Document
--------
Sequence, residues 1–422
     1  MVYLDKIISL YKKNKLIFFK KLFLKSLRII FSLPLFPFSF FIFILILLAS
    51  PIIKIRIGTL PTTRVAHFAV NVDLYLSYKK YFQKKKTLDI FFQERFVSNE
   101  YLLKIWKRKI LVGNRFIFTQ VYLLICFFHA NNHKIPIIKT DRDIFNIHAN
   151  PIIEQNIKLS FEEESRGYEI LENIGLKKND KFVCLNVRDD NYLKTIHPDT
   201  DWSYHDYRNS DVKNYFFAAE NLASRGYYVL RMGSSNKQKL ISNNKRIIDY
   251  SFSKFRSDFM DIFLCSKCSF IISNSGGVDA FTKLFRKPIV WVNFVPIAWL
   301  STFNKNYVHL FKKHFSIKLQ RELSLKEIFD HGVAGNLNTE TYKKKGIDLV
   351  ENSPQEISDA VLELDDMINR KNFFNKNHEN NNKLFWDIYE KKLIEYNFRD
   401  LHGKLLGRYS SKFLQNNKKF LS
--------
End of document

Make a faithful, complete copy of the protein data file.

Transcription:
Sequence, residues 1–422
     1  MVYLDKIISL YKKNKLIFFK KLFLKSLRII FSLPLFPFSF FIFILILLAS
    51  PIIKIRIGTL PTTRVAHFAV NVDLYLSYKK YFQKKKTLDI FFQERFVSNE
   101  YLLKIWKRKI LVGNRFIFTQ VYLLICFFHA NNHKIPIIKT DRDIFNIHAN
   151  PIIEQNIKLS FEEESRGYEI LENIGLKKND KFVCLNVRDD NYLKTIHPDT
   201  DWSYHDYRNS DVKNYFFAAE NLASRGYYVL RMGSSNKQKL ISNNKRIIDY
   251  SFSKFRSDFM DIFLCSKCSF IISNSGGVDA FTKLFRKPIV WVNFVPIAWL
   301  STFNKNYVHL FKKHFSIKLQ RELSLKEIFD HGVAGNLNTE TYKKKGIDLV
   351  ENSPQEISDA VLELDDMINR KNFFNKNHEN NNKLFWDIYE KKLIEYNFRD
   401  LHGKLLGRYS SKFLQNNKKF LS